Casamento's:The Quirky Centenarian

Written by Mary Ann Fitzmorris March 01, 2023 11:01 in Dining Diary

New Orleans is a city and a culture that loves its traditions. We have maybe more than our share of old, really old restaurants that have become institutions. As I have often said, most of the time institutions are merely that and have long ago ceased being good. Luckily, we have more than our share of places that have remained good, in some cases excellent, for their entire existence, though I am not old enough to judge a century of tradition. 

Places like Arnaud’s which is currently excellent, had a very dark period before Archie Casbarian rescued it. Antoine’s has had its dark moments, and so on.

I have not been to Casamento’s nearly enough to make any sort of judgment about its various ups and downs. I tried to go for a long time before we actually did just recently. The appearance of the place was offputting to me. Tiles from who knows when scream “UPDATE,”  and rules that are archaic have put me off. Cash only, etc.

But the place is over a century old and deserves another look. We remembered to bring cash and went in. 

The footprint of Casamento’s is long and linear, with the bathrooms most unadventageously situated behind the kitchen, requiring patrons to negotiate their way between kitchen workers and boiling pots of oil to get there. There is a back dining room and a bar in the front with small tables along one wall, and the oyster shucker along the other. At the very front are a hostess/cashier area and a very necessary ATM machine.

Because we were meeting my brother and he hadn’t arrived, we were asked to wait in the entryway, which automatically puts one in the way of, in Tom’s case, everything. I finally had to ask for the owner to seat Tom because of the circumstances.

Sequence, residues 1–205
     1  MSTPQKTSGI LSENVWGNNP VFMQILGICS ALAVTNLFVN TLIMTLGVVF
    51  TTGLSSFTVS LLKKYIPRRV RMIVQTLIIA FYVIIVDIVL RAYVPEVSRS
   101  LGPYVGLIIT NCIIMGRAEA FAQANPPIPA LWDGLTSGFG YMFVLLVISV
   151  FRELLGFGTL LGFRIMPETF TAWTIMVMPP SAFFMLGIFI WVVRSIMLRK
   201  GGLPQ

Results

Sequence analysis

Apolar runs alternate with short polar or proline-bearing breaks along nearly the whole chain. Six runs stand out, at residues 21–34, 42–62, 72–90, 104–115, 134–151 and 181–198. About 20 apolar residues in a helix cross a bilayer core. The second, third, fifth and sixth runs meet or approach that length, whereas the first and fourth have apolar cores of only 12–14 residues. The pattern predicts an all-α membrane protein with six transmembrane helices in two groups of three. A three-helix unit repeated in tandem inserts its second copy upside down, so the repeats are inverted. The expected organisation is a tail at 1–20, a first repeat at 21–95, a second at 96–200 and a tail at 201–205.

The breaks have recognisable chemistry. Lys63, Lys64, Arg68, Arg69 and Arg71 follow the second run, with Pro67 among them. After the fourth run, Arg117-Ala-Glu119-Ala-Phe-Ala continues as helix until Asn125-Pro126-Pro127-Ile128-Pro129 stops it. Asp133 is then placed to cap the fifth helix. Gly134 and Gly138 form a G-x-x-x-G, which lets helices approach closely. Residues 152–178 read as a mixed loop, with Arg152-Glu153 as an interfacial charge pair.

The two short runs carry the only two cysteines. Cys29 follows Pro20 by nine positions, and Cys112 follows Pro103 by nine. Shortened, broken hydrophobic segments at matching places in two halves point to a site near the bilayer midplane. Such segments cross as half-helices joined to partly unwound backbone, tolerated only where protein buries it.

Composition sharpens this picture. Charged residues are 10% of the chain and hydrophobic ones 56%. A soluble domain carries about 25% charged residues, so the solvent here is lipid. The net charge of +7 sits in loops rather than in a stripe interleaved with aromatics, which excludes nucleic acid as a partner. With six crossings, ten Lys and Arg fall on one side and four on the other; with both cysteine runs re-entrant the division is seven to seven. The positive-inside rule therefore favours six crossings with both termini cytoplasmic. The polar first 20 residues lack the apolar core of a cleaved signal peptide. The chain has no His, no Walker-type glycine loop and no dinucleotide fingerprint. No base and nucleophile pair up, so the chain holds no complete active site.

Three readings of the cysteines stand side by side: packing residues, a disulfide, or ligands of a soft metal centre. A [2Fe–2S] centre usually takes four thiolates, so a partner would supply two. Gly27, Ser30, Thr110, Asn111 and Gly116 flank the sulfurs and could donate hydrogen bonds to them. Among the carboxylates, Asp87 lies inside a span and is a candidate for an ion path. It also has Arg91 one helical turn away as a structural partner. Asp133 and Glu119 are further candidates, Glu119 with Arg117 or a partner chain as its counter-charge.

We were seated in the back room, which seemed filled with people who were regulars. It was clearly a neighborhood crowd. I expected a roomful of tourists. As I sat there, I began to appreciate the ambiance of this institution, and I finally understood why no renovation had taken place. It’s a relic of the past and would be no more if it was modernized.

Another thing that hasn’t changed about the place is its menu. Basic. Oysters are why one comes to Casamento’s. Freshly shucked, they are sublime. Or supposed to be. I don’t eat raw oysters, but I imagine this would be a place to do it.

In looking around the room where we were seated, we watched families that are obvious regulars get their platters of sandwiches and spaghetti and meatballs, so we decided to try Italian food. I use that term liberally because Italian food here is a simple plate of spaghetti and meatball, singular. And we would return for the sandwiches. Our cash would not go that far, and I refuse to use an ATM at a restaurant to eat.

But the sandwiches did really look good, and that may be the thing to get here. They are tall, made with thick slices of toasted white bread like Texas toast, dressed with pretty dressings, and seafood sticking out.

As for our own order, we started with a dozen chargrilled oysters and found it hard to finish them. They were overcooked with mounds of Parmesan cheese.

Our own seafood platter included fried oysters, shrimp, crab claws, and fish (we chose trout over catfish), with coleslaw and fresh-cut fries, as well as toast under the whole pile as they did in the old days. (I am charmed whenever I see this practice. It reminds me of the glory days of the West End.)

It was a hefty platter that fed three of us. It was fine as in ordinary, but I always appreciate fresh-cut fries when I see them, and I commend Casamento’s for keeping with this tradition from way before everyone else started using frozen fries.

We did get a plate of meatballs and spaghetti, which was also ordinary. The meatball was rather large and was neither soft nor hard, but right in-between, in what I call the “acceptable” territory.

After what I have just written it might seem surprising for me to say that I look forward to going back to Casamento’s. It is an institution proud of its heritage and unapologetic about its flaws. It was full the night we went. Nothing we ate that night was bad, it just wasn’t special or worthy of the “mystique” that keeps a place around this long still this busy. And frankly, I find the vibe that I once found offputting to be charming. I “get” it. But not enough.

We will go back and get some raw oysters, some oyster loaves, and a few other things on the menu that seem to satisfy the people that keep the place busy every night that they are open. For all these years.